Stage shows celebrate black history month, and the 2010 CFVF starts rollin’
The Children’s Theatre of Winston-Salem celebrates Black History Month with a special presentation of Harriet Tubman & The Underground Railroad on Thursday, Feb. 25 at the Arts Council Theatre (610 Coliseum Drive, Winston-Salem).
This show is produced by the award-winning Theatre IV, the Children’s Theatre of Virginia (headquartered in Richmond), which was founded in 1975 and was the state’s first professional theater for young audiences.
Inspired by the true story of Harriet Tubman (1822-1913), this historical drama traces her remarkable life.
Having been born into slavery, she made her escape to Philadelphia and then established the network known as the Underground Railroad, through which she returned to the South and aided her relatives and other slaves to escape in the North.
For more than a decade, Tubman returned to Maryland, often in disguise and frequently under the cover of night, eluding capture time and again. This fearlessness and selflessness earned her the nickname, “A Woman Called Moses.”
Showtime is noon. Tickets are $8 and reservations are strongly suggested (a 10 a.m. performance has already sold out). For tickets or more information, call 336.725.4531 or see the theater’s official website: www.childrenstheatrews.org.
This Stained Glass Playhouse is also celebrating Black History Month with its current production, To Be Young, Gifted and Black, based on the life and writings of acclaimed playwright Lorraine Hansberry (1930-’65), who was best known for the awardwinning play, A Raisin in the Sun.
The original production of To Be Young, Gifted and Black was the surprise hit of the 1968-’69 off-Broadway season, and premiered only a few short years after Hansberry’s untimely death from cancer at age 34. The play encompasses experiences in her life, with the actors assuming various characters from her plays, letters, diaries, poems and personal reminiscences.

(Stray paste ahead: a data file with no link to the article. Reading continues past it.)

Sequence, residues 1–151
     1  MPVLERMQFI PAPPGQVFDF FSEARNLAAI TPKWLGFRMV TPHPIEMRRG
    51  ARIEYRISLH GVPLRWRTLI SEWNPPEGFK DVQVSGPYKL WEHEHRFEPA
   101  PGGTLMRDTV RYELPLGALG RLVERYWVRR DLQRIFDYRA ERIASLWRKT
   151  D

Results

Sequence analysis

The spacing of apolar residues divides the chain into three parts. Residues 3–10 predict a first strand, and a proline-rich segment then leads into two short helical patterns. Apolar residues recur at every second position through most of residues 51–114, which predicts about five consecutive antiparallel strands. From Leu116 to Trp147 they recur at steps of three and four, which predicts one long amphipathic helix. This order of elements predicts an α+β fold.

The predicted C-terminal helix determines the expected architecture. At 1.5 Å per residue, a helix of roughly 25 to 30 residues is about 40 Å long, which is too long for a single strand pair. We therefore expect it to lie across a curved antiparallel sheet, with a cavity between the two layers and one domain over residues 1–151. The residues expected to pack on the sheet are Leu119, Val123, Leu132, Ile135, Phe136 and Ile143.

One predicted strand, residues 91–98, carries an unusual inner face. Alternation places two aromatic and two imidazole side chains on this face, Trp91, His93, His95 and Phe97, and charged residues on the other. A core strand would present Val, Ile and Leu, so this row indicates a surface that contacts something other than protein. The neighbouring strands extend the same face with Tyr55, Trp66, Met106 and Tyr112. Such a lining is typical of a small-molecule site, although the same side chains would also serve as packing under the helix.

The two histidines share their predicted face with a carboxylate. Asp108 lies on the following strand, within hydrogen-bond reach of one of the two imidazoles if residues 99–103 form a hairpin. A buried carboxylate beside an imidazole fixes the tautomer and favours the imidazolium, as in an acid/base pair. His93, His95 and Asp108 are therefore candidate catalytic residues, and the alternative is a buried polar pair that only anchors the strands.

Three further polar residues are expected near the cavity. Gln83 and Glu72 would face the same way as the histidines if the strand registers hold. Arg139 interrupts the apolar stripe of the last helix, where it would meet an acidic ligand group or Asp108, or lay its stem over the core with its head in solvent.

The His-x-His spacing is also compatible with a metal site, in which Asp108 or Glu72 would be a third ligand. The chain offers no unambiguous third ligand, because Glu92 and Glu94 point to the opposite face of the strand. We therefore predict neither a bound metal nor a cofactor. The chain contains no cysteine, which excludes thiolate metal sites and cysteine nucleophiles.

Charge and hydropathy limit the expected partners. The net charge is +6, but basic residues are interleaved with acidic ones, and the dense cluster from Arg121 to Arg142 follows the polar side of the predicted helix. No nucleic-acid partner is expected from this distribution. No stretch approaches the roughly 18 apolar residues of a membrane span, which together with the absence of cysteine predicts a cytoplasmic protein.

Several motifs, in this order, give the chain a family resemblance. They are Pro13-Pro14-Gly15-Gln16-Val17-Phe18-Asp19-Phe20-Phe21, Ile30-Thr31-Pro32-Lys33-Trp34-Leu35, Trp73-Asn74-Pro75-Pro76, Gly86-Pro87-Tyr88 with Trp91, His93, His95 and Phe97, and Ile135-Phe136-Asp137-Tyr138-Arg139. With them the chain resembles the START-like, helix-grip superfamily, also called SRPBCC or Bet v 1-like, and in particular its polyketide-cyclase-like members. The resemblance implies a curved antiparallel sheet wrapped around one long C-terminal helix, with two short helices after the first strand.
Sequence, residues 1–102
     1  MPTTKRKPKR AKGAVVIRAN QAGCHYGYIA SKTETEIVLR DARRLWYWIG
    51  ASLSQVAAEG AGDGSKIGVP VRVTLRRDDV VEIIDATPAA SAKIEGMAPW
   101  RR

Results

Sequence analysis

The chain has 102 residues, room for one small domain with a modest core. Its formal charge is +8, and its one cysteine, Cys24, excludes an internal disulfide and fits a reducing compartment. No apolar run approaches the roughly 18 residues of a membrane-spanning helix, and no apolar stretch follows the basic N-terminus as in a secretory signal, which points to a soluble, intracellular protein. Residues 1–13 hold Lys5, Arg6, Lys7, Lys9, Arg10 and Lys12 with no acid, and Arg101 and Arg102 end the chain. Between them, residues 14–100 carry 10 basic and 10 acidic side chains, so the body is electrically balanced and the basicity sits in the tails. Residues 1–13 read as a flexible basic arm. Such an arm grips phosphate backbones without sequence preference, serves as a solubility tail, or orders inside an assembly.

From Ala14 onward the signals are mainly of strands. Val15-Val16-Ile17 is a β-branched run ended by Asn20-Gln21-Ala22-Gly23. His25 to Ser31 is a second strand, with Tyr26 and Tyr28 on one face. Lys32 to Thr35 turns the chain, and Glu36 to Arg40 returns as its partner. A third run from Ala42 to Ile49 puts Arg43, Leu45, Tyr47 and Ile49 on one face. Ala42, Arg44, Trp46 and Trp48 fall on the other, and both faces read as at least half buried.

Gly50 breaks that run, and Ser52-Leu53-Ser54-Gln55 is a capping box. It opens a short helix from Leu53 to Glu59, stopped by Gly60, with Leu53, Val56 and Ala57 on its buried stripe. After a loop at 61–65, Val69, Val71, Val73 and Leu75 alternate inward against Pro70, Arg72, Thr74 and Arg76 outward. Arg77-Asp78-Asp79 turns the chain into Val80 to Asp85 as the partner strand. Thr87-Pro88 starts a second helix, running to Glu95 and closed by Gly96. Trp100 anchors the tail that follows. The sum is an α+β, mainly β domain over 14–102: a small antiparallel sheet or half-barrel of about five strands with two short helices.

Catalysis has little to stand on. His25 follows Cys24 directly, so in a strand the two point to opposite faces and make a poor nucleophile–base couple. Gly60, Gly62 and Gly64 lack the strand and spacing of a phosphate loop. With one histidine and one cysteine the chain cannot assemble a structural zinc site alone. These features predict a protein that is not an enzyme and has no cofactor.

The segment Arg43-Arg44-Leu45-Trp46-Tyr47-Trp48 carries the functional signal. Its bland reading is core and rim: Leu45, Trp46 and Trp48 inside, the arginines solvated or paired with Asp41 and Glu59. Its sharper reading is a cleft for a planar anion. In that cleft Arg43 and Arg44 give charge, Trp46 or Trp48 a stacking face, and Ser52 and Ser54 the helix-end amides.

This marks the final week of the production, which is directed by Andre Minkins. Showtimes are 8 p.m. Friday and Saturday, 3 p.m. Sunday. Tickets are $12 (general admission) and $10 (students and seniors citizens). The theater is located at 4401 Indiana Ave., Winston-Salem. For tickets or moreinformation, call 336.499.1010.
The 2010 Carolina Film and Video Festival will open next Wednesday, Feb. 24 at the Elliott University Center (EUC) Auditorium, located on the UNCG campus at 1400 Spring Garden St., Greensboro, with a series of screenings and special events scheduled over a four-day period.
The festival kicks off with a special screening of Sons of Lwala at 7 p.m., preceded by a 6 p.m. reception. There will be a conversation with director Barry Simmons and Milton Ochieng after the screening. Tickets are $10 (general admission) and $7 (students), with half the proceeds going to the Lwala Community Alliance.
On Thursday, Feb. 25 there will be free workshops: Getting the Best A-roll at 10 a.m., Screenwriting at 12:30 p.m. and Apple Motion at 2 p.m., followed at 6 p.m. by documentary screenings, North Carolina filmmakers and the UNCG Showcase. Tickets are $6 (general admission) and $5 (students).
Friday (Feb. 26) will see free screenings of Love Lived in Death Row at 1 p.m. with guest filmmaker Linda Booker, Playground at 3:30 p.m. with guest speaker Sandra Johnson of Triad Ladder of Hope. At 6 p.m. there will be screenings of high school filmmakers, animation and shorts. Tickets for that program are $6 (general admission) and $5 (students).
The festival comes to a close Saturday, with a free Machinima workshop at noon and free screenings of Music of the Brain at 1:30 p.m. and Mountain Music at 3 p.m. Then, beginning at 7 p.m., it’s Awards Night, boasting the best films of this year’s CFVF Festival. Tickets are $6 (general admission) and $5 (students).
The motto of this year’s festival is “The Future of Cinema Starts Here,” and organizers are striving to make this year’s event the most spectacular ever.
For more information, call 336.334.4197 or see cfvf.blogspot. com.